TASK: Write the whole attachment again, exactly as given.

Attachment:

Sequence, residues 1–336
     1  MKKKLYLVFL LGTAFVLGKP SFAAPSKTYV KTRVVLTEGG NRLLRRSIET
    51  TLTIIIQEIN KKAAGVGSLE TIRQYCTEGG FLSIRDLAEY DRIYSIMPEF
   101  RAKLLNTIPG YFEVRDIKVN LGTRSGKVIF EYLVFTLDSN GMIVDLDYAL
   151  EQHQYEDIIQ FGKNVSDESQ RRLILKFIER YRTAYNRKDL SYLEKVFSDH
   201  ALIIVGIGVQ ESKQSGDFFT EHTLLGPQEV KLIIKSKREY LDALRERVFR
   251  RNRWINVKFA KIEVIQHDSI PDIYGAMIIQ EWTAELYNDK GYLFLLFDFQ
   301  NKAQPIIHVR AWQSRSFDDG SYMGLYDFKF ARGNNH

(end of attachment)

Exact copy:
Sequence, residues 1–336
     1  MKKKLYLVFL LGTAFVLGKP SFAAPSKTYV KTRVVLTEGG NRLLRRSIET
    51  TLTIIIQEIN KKAAGVGSLE TIRQYCTEGG FLSIRDLAEY DRIYSIMPEF
   101  RAKLLNTIPG YFEVRDIKVN LGTRSGKVIF EYLVFTLDSN GMIVDLDYAL
   151  EQHQYEDIIQ FGKNVSDESQ RRLILKFIER YRTAYNRKDL SYLEKVFSDH
   201  ALIIVGIGVQ ESKQSGDFFT EHTLLGPQEV KLIIKSKREY LDALRERVFR
   251  RNRWINVKFA KIEVIQHDSI PDIYGAMIIQ EWTAELYNDK GYLFLLFDFQ
   301  NKAQPIIHVR AWQSRSFDDG SYMGLYDFKF ARGNNH